I just sent this to google
I was thinking about the schemas idea behind WinFS, and how it might be applied to the intarweb. I decided WinFS isn't particularly relevant to the web, and started looking up metadata for html. I don't think it's exactly what I had in mind either. I was trying to think of something that would make it easier to map the interrelations between webpages and allow authors to write metadata that aids in intelligent web searching capability. WinFs-like schemas and XSD are only about breaking down particular things, like addresses. So I decided to think up my own schema for this purpose.
The reason I'm telling you guys this is that Google supporting a particular metadata schema for its search would probably be the most effective--maybe the only--way for such a schema to become widely used. (The point of its becoming widely used is to make web searching more powerful.)
This schema would not have any mechanism for defining relationships between parts of a webpage -- only relationships between the webpage and various ideas/words or perhaps even other webpages, at least in its main intention, although doing that may also be possible -- parts of a web page could possibly be sectioned off with respect to the pertinent metadata, so perhaps in somewhat the same way they can relate to other webpages, they can relate to other parts of the webpage. This may or may not be useful for search engine purposes, but it could be useful for other general metadata-related purposes.
Here are my ideas for relationships:
- this webpage is vaguely relevant to Y in some way
- this webpage is closely relevant to Y in some way
- this webpage is about something particular to Y, in understanding
- this webpage is about something particular to Y, in function
- this webpage is about something that Y is is particular to, in understanding
- this webpage is about something that Y is is particular to, in function
- this webpage is about something particular to Y and that Y is dependent on, for understanding
- this webpage is about something particular to Y and that Y is dependent on, in function
- this webpage is about something that complements Y, in understanding
- this webpage is about something that complements Y, in function
- this webpage is about something that is dependent on Y, in understanding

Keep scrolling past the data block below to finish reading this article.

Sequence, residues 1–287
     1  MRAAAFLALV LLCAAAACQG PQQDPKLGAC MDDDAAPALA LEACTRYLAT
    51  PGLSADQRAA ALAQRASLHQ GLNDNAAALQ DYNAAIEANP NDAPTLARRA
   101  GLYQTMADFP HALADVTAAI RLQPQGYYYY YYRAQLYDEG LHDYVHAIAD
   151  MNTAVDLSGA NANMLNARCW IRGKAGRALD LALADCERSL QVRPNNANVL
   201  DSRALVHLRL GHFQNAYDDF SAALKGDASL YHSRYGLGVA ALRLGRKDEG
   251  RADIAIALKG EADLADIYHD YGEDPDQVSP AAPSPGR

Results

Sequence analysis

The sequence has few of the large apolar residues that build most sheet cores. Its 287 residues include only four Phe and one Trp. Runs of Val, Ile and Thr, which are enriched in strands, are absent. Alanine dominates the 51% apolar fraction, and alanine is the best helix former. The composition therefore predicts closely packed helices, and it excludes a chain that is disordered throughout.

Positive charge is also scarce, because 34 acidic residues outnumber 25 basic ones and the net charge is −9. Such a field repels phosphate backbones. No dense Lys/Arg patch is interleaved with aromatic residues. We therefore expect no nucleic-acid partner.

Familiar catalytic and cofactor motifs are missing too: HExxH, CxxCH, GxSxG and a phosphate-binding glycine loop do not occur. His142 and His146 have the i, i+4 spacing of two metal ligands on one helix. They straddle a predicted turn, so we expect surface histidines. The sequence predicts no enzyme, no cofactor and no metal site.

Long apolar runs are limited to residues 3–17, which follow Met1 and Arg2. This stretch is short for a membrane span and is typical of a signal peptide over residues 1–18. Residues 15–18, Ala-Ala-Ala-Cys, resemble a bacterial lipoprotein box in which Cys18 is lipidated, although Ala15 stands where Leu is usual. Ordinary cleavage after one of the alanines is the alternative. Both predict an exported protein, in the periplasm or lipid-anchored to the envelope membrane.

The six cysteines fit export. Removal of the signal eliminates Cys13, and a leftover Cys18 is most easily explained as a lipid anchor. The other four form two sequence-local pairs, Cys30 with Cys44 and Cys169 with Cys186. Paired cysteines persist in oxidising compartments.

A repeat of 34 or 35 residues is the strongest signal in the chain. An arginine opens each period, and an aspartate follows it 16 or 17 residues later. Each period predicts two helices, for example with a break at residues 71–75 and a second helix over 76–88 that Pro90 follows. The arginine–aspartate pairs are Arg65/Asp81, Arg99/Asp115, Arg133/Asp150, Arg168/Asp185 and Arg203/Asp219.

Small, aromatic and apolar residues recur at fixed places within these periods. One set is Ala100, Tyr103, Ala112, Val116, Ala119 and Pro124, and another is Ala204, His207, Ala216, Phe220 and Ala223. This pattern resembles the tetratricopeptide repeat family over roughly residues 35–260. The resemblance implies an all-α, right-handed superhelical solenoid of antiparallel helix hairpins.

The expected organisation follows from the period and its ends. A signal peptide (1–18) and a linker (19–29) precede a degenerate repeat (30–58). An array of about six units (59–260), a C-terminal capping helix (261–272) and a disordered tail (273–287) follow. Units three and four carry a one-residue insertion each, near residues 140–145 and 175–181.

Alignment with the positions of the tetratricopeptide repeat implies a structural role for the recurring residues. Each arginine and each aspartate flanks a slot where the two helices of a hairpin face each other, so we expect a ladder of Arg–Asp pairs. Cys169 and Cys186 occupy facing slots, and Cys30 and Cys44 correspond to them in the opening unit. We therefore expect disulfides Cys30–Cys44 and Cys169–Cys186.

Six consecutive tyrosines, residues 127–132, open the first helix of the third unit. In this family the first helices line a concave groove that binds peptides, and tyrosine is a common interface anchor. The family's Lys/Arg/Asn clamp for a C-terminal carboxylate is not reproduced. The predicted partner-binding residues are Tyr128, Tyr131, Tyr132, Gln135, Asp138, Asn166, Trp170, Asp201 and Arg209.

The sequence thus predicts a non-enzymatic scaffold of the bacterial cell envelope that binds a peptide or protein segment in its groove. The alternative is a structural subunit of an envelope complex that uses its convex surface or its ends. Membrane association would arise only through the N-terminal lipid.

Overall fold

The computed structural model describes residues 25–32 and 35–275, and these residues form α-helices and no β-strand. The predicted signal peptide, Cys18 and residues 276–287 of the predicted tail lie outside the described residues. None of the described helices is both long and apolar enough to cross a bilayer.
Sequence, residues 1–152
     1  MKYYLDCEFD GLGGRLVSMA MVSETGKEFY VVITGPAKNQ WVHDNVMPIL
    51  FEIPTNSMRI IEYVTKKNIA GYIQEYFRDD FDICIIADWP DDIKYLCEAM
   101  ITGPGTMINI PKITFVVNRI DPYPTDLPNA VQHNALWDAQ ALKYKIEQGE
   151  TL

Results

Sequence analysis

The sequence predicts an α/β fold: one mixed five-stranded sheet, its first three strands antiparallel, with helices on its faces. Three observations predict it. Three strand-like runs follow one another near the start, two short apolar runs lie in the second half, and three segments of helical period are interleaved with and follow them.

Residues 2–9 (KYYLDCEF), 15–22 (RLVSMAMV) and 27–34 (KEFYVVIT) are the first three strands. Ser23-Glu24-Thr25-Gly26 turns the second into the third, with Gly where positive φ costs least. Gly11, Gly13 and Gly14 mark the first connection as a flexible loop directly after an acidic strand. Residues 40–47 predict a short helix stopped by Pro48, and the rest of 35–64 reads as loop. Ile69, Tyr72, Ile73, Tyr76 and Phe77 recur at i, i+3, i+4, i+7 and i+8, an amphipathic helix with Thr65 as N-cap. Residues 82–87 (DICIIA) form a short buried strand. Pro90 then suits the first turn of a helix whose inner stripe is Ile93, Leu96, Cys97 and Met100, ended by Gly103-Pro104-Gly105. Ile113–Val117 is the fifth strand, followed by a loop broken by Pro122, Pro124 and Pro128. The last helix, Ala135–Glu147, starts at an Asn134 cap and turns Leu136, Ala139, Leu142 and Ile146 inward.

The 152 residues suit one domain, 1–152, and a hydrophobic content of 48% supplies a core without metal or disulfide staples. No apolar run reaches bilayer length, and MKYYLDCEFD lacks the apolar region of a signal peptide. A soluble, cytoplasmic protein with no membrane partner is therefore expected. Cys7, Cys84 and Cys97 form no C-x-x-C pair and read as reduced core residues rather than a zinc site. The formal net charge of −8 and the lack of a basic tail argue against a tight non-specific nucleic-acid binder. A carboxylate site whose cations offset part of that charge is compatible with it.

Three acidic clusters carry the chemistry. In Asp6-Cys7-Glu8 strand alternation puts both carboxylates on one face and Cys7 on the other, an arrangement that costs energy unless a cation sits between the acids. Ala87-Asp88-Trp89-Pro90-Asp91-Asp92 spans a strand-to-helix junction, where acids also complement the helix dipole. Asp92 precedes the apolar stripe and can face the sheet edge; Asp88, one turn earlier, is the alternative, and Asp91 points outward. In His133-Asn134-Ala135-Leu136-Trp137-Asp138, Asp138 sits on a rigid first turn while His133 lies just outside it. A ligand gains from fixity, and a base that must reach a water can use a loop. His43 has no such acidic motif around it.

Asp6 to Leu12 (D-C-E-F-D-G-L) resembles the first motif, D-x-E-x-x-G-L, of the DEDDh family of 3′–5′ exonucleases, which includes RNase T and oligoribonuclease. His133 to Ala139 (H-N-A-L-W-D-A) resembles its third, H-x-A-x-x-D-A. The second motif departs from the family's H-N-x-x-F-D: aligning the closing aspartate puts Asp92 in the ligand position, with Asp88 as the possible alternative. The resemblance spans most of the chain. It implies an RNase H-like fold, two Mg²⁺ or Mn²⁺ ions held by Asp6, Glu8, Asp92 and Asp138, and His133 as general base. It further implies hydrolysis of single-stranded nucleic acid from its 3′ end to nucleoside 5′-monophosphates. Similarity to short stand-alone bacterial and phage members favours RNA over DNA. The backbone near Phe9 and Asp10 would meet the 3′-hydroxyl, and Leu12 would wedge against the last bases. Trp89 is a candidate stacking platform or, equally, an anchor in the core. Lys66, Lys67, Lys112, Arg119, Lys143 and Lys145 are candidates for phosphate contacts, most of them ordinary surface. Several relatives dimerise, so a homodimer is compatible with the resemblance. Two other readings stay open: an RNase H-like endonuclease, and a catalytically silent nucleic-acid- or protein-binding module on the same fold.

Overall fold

- this webpage is about something that is dependent on Y, in function
- this webpage is about something that Y is dependent on, in understanding
- this webpage is about something that Y is dependent on, in function
- what this webpage is about and Y are mutually dependent, in understanding
- what this webpage is about and Y are mutually dependent, in function
..where Y could possibly be a word, a phrase, a key word out of a predefined set of key words, a URL, a metadata-delineated section of a webpage, or a list of any of the above. In all but the first two, Y is most likely a URL or webpage section.
- any of the above with the added qualifier that it applies ONLY to Y
- any of the above with the added qualifier that it was designed specifically to apply to Y
- by design, this webpage is particular to Y and is useless without Y in its functionality
- by design, Y is particular to this webpage is useless without Y in its functionality
The last two have to do with the mechanics of a website -- for example, a page for filling out a form would be useless without the main website. This is why they don't say "is about"; the webpages ARE the functionality. "by design" isn't coupled with "in understanding" for more relations because those are already covered by above relations including the added qualifiers.
I'm not saying one way or another on whether the two added qualifiers above are to be used as qualifiers in the syntax or to combinatorily create 48 more relationnship types. With enough good ideas, the metadata syntax could actually grow into a grammar of its own, which would definitely call for making them qualifiers.
I'm sure there are more good ideas for general relationships that I haven't thought of.
The syntax could also specify domains that a webpage falls under. Some examples would be:
- technical document
Perhaps even a hierarchy of domains, perhaps modeled after Yahoo! Directory, dmoz.org, or similar. And then a tree relationship between webpages could be automatically generated, so people can search for coordinate sisters, etc.
But even in the above, they're not all mutually exclusive. They could be made into key words, but then you'd lose the hierarchical aspect -- or maybe not. You could combine the two and have key words that aren't mutually exclusive but have hierarchical relationships to each other. Or, you could forgo hierarchies altogether and have a more web-like system where everything is interconnected according to various relationships but there's no top or bottom to it; it's not a tree-like structure. The interrelationships between the key words could be pre-defined, or perhaps they could be extrapolated somehow from analyzing the topology of hyperlinks in webpages with key words defined -- but then the relationship probably wouldn't be very semantical.
Speaking of semantics, whatever words or key words that appear in WordNet would lend themselves to automatic relational mappings according to all the relationships that that WordNet covers. Also, the relationship-type metadata defined above would lend itself to a hierarchical or web-like structures wherever chains of sub-part or complement relationships can be found, which could also aid in searching ability.
I haven't included any ideas for raw syntax of the metadata because I consider that implementation details. Needless to say, it would be something in XML that's invisible to web browsers.